Spanish renewable energy giant Abengoa is hopeful of convincing a major iron ore mine operator in Western Australia to sign a contract to buy electricity to support the groundbreaking 20MW solar tower with storage plant it is proposing for the state’s mid-west region.
Abengoa, in May, revealed it had received funding from the Australian Renewable Energy Agency to conduct a feasibility study into what could be Australia’s first large-scale solar power tower with storage facility.
Abengoa’s Australia business manager, James Harding, revealed on Wednesday that the plant was likely to have six hours of molten salt storage, which would enable dispatchability, though probably not 24/7 output. He said he was hopeful of signing a power purchase agreement with a nearby iron ore miner, who was interested in such technologies to offset the soaring cost of diesel.
Concentrated solar thermal power (CSP) with storage is considered to be the next big breakthrough for renewables, given that it can deliver dispatchable energy at scale, and, according to Abengoa and others, will be able to do so at the same cost of baseload gas by as early as 2020.
“What we want to do is to demonstrate that CSP (concentrating solar thermal) is a dispatchable technology, and that it can capture maximum value for the network,” Harding said.
Harding says 20MW is on the small side of an optimal plant size, but a good minimum capacity to demonstrate the ability of the technology in Australia – Abengoa is already building, or has built plants in South America, the US, the Middle East, Africa and Europe.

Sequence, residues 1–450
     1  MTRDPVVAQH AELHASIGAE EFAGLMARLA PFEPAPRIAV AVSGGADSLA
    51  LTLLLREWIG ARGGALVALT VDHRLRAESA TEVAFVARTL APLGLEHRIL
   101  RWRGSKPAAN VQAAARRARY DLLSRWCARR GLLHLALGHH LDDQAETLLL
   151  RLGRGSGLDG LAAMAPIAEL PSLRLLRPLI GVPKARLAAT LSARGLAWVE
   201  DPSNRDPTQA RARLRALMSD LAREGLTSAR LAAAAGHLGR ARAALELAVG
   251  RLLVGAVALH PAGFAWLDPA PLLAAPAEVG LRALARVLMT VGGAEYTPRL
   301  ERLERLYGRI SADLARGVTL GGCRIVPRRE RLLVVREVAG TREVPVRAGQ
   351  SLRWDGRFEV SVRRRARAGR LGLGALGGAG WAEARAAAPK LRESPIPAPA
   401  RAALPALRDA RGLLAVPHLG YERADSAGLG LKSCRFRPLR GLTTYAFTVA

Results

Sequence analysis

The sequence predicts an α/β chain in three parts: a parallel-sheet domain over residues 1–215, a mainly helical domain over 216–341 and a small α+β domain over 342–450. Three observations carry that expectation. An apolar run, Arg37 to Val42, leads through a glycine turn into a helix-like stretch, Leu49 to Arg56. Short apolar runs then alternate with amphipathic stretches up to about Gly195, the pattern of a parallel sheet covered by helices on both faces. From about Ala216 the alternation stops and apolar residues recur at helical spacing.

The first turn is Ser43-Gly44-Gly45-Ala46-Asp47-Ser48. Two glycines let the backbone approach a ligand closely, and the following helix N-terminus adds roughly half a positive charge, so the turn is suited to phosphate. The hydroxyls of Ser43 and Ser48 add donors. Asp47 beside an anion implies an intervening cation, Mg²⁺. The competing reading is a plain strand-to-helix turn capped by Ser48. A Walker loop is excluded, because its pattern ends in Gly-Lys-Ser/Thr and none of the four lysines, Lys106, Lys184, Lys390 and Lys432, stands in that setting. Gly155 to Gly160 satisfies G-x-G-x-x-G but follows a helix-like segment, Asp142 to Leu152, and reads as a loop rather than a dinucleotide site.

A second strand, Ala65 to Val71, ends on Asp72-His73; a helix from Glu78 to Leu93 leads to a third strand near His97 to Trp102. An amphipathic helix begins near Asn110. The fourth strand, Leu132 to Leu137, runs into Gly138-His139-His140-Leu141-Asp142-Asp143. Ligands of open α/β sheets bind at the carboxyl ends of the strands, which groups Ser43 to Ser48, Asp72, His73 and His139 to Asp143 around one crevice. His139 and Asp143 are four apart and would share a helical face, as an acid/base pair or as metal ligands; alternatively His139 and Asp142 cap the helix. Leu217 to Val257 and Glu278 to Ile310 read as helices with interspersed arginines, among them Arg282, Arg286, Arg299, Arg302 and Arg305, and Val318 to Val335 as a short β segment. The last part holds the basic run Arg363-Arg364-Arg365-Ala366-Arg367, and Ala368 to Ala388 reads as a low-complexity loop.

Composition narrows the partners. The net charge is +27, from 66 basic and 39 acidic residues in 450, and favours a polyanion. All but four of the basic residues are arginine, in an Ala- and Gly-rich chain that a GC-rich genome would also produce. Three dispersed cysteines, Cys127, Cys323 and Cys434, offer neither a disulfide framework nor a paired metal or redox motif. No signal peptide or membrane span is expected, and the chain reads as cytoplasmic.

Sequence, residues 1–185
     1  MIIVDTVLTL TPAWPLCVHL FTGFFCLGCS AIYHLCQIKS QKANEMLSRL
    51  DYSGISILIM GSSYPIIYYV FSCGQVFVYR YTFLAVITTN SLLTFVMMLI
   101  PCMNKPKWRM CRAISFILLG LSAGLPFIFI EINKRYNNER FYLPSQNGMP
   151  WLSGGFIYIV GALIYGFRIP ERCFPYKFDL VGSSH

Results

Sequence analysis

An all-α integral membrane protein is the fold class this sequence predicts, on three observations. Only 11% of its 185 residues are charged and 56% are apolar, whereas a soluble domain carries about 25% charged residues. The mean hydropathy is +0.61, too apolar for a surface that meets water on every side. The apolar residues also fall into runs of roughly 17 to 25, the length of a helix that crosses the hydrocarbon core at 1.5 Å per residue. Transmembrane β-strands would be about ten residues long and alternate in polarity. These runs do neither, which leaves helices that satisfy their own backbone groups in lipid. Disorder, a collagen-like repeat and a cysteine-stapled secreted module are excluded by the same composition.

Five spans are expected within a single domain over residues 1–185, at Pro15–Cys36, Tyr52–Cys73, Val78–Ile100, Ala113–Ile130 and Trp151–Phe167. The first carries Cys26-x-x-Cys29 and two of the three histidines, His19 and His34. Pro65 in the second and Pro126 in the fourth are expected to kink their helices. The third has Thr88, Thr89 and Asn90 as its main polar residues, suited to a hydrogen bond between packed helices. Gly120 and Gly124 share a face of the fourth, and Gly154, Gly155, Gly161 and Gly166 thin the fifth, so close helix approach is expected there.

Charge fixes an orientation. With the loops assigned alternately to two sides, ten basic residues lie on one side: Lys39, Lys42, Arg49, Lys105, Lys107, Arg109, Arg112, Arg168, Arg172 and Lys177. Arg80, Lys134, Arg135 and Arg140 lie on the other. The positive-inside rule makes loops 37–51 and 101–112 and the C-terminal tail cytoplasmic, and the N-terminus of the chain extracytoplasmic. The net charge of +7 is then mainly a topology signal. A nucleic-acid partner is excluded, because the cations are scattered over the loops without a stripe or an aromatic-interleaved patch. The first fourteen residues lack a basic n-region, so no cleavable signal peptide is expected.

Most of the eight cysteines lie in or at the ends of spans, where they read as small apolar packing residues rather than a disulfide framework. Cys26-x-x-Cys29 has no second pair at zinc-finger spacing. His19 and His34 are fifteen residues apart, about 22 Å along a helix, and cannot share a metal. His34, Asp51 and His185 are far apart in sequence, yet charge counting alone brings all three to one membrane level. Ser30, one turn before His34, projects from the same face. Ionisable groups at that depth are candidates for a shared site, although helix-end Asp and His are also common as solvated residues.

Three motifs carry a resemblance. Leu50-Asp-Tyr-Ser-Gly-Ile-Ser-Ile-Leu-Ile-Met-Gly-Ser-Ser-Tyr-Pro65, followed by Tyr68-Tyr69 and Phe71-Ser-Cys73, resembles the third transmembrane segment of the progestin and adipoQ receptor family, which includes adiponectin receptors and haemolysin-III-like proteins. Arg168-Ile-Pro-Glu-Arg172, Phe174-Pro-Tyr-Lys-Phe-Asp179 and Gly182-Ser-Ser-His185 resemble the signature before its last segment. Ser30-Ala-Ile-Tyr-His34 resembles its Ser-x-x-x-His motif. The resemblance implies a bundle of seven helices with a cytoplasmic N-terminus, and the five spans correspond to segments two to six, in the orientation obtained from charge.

He notes that the 110MW plant planned for Chile’s Atacama desert will be built without subsidy – a reflection of the excellent solar resources and the high cost of electricity in that country.
In Australia, the most likely market is for miners, who are paying extraordinarily high costs for diesel or gas. Harding says there is growing interest from this sector in solar technologies, particularly with storage. Rio Tinto has signed a deal for solar PV plus storage, and rival technology player Solar Reserve is also looking at the same market.
The idea of a small demonstration plant is to create a pathway for cost reductions in future plant. Some of these will come from economies of sale, and much of it from building local supply chains and operational earnings.
The power tower where a receiver collects the heat from thousands of heliostats (mirrors) will be 150m tall. Abengoa is currently considering whether to use its own 140 square metre mirrors, or a small 5 square metre design developed by Australia’s CSIRO.
Large molten salt storage tanks with temperatures of up to 565°C. The plant will have an annual output of around 100GWh a year.
Local developers WestGen and National Power will also have a role in the project.
Harding said the local council was very supportive. Being located at the edge of the state’s main grid also provided an opportunity to demonstrate the benefits of delivering dispatchable energy into a market with a big demand for high value peak and shoulder electricity. “There is an excellent prospect for a further rollout of solar thermal power,” Harding said.
The feasibility study will be completed by the end of the year, but the project may depend on future policies and the retention of ARENA as a standalone institution, with funds available to be deployed for such first-of-their-kind technologies.